She was so sure. And I actually believed her, but as I took a closer look and reflected, I realized that I still could not rightfully wear this as a non-indigenous person.
Here's a closer look...
Now, I do want to mention that for many Black Americans, wearing indigenous pieces feels natural. Most of us grow up with our elders telling us the stories of our indigenous great-grandparents. They remind us constantly of our indigenous heritage.
While some of this may be true, I do not identify as an indigenous person and do not feel that I have the right to wear their traditional clothing. I am completely unfamiliar with their practices, purposes, and realities and therefore do not in any way claim these cultures as my own.
But, upon further investigation. there was an even bigger problem.
I learned that this piece was not in fact created by Native Americans, but instead a white designer.
The epitome of cultural appropriation.
So I was left with a dilemma.
How do I deal with this explicitly appropriated item...sustainably?
What Can We Do With Culturally Appropriated/ Racist Pieces?
The problem is that selling these items only means ensuring that they will continue to perpetuate the violence that is cultural appropriation. Donating them means that eventually, you may very well be burdening the exact same cultures from which they are taken with your insensitive trash.
So is are my suggestions:
#1. Don't buy them.
I know that this is cheating because we’re talking about what you already have. But seriously, never again buy a culturally appropriated item. We know better now so let’s do better.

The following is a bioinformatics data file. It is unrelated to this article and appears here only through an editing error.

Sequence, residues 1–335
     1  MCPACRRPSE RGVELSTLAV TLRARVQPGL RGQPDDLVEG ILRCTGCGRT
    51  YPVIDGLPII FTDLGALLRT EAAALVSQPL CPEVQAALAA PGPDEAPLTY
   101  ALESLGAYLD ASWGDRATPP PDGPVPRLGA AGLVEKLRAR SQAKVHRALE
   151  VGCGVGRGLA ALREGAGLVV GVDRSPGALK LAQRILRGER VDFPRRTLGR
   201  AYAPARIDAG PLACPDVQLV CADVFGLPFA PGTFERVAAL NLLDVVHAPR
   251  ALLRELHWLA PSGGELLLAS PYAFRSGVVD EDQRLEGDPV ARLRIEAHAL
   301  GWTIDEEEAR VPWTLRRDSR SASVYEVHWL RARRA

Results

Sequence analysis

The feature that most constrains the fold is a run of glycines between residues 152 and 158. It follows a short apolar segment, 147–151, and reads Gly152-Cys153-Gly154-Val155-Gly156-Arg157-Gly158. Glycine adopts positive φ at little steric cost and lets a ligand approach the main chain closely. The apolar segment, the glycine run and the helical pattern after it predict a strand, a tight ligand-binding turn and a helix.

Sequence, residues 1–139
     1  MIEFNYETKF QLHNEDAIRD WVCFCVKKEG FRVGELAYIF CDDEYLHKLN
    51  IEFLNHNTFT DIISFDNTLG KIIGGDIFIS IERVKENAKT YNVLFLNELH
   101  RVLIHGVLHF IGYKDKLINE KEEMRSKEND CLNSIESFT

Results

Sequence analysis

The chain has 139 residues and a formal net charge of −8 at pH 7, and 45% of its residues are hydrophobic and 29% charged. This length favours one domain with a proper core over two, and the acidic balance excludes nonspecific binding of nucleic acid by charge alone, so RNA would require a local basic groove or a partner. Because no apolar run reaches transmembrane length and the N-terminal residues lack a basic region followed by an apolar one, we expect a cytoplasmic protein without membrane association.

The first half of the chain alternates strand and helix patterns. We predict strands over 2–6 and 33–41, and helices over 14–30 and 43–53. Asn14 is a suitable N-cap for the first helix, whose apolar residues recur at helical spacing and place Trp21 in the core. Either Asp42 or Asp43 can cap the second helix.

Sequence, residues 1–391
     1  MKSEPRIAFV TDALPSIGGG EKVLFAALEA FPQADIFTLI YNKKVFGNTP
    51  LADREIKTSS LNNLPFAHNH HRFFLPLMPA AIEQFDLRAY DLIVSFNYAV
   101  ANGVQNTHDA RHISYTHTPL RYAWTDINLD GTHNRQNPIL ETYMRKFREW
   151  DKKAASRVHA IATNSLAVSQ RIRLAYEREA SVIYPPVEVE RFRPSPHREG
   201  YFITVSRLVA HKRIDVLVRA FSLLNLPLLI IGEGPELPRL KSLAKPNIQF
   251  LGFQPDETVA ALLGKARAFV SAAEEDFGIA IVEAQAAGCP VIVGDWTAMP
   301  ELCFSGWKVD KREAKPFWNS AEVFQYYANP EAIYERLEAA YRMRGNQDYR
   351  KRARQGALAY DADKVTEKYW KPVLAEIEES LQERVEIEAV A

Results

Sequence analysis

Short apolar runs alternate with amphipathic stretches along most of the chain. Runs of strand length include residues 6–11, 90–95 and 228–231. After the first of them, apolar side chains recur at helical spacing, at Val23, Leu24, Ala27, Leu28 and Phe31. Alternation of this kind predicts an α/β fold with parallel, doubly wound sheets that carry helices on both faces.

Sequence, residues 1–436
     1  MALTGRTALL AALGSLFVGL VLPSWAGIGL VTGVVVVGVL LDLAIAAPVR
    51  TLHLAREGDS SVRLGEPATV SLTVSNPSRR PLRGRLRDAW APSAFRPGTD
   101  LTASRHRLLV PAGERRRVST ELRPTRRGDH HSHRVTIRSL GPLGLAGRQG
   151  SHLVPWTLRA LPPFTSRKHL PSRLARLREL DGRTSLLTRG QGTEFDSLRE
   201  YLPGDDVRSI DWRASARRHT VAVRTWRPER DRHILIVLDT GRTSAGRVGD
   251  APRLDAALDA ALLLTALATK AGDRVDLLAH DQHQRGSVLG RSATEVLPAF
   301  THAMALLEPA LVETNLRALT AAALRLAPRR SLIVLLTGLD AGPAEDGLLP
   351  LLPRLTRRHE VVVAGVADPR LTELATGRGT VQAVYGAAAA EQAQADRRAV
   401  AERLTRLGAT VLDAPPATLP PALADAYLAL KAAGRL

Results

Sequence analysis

#2. Upcycle these articles of clothing into new pieces.
Here is a picture of my jacket now. I tried to do what I could to remove the caricatures. It was hard! As you can see, it didn’t work perfectly. I am sure I messed up the leather a bit but I don’t care. I couldn’t look at those pictures any more!
I have decided that for now, I will continue to keep my jacket, but not wear it, until I can either...
a) hire an Indigenous artist to paint over what is currently left
b) upcycle some other leather to replace these sections.
Whether it’s a pillow, a quilt, a face mask, these items can be repurposed into items that do not perpetuate oppression.
And yes, upcycling these items may be expensive if you are not planning to sew them yourself or time consuming if you are. But every item we purchase is so much more costly for the planet and, far too often, devastatingly so for the people who make them.
I can only hope that this hassle alone, not to mention the violence and oppression caused when we steal from the sacred heritages of BIPOC, will encourage us to NEVER EVER purchase appropriated items again.
This process has shown me even more how inherently unethical and unsustainable culturally appropriated pieces are for everyone.
But most importantly for the cultures and people from which they have been stolen.
I would LOVE to hear your ideas for what else we can do with appropriated items.